In the long history of the development of Bear Valley since the gold rush days of 1860, no
enterprise was more unique than that of Fox Farming.
The raising of foxes for their magnificent furs dates from the 1890ís, when Canadians Sir
Charles Dalton and Robert Oulton were able to develop a consistent strain of valuable silver
foxes from the common red fox.
Because demand was high, prices good and profits large, many in the northern area became fox
ranchers, including the successful R. T. Moore of Maine.
He heard about the climate of Bear Valley and realized it was ideal for fox raising. The high
altitude and dry air eliminated many internal and external pests, while the cool summer nights,
seasonal changes and cold winters were ideal for the industry.
In the 1920ís, Moore purchased 84 acres east of the Pine Knot, which he named the Borestone
Ranch, and quickly built extensive pens and kennels.
Today this site is bordered by Fox Farm Road, Teakwood Drive, Crater Lake Road, and the rocky
hills on the north.
The pen-raised silver foxes were flighty, nervous, unpredictable and required diligent care and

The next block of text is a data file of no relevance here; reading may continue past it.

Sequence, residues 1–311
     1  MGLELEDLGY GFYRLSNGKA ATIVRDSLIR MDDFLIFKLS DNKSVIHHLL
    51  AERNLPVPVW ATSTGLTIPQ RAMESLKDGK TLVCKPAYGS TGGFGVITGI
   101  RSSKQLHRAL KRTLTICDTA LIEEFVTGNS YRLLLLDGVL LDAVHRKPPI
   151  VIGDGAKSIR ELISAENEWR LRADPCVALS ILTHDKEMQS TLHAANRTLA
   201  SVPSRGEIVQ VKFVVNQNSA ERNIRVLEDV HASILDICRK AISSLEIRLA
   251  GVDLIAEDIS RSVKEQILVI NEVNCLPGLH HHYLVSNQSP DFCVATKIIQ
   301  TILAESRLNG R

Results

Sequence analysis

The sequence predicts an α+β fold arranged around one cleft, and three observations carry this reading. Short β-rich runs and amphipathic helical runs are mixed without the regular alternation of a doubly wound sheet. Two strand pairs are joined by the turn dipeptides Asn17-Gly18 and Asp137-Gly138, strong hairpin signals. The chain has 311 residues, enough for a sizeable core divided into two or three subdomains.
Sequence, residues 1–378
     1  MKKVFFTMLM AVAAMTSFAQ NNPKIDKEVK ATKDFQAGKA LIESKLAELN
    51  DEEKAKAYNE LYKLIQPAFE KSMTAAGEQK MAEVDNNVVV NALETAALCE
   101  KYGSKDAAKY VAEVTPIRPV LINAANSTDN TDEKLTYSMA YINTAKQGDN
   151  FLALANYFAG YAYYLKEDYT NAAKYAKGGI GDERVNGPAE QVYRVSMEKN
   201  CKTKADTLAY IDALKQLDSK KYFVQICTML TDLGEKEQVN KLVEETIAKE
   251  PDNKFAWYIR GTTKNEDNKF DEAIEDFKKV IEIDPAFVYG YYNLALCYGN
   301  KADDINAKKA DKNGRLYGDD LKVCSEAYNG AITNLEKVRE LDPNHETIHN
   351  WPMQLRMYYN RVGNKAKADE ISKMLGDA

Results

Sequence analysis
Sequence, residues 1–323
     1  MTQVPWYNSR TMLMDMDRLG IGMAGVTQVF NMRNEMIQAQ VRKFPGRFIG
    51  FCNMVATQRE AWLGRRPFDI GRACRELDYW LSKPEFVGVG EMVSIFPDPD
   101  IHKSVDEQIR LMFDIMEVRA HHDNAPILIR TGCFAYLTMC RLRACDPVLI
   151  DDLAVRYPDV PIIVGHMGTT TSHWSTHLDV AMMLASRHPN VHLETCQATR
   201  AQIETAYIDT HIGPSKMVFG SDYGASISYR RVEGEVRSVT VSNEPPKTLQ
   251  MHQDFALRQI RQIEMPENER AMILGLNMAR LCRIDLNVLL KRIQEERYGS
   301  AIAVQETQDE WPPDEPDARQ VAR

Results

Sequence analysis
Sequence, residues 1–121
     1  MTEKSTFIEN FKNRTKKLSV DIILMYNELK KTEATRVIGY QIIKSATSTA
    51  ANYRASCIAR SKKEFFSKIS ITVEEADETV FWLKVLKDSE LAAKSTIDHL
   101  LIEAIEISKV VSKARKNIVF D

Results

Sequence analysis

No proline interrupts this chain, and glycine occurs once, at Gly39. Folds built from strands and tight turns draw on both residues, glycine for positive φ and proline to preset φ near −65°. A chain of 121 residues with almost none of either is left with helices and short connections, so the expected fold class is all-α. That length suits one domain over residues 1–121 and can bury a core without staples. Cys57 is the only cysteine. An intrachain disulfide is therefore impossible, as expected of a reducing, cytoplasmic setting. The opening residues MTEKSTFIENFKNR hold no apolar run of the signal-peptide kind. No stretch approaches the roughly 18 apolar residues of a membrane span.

feeding. Superior breeding pairs would bring $2,000 to $3,000 and fine pelts would command as
much as $1,100.
The Walter McAllister family arrived in Bear Valley from Seattle on November 11, 1928 to take
over the management of the All Star Fox Farm Ranch. During the next decade, the business
prospered, even though these were Depression years. With a strong market, the All Star doubled
in size in the 1930ís when it took over the Wortley Ranch. During these peak years, there were
27 different fox farms between Sky Forest near Arrowhead and the Smart Ranch east of Cactus
Flat, eight being large, full-time operations. In this period, the All Star was producing more
than 1,000 pelts a year.
In 1936, the superb quality of Bear Valley furs was proven worthy when a large consignment to
the International Fur Exchange in London brought the highest prices of any shipment ever made.
In the early years, the sale of breeding stock was the prime
objective in Fox Farming, because it was much more profitable than
selling pelts. The quality of these animals was diligently
controlled by the official Fox Farmers Association, which
established strict rules. Each animal was inspected for color and
conformation. If accepted for registration, the fox was tattooed in
an ear. Those that failed were then pelted.
In the 1930's, Fox Farming was Bear Valley's second most important industry after cattle ranching.
The demise of the fox fur industry was the result of several factors: the increased cost of
food, a 20% luxury tax, and Russia and other lend-lease countries dumped shiploads of fur on the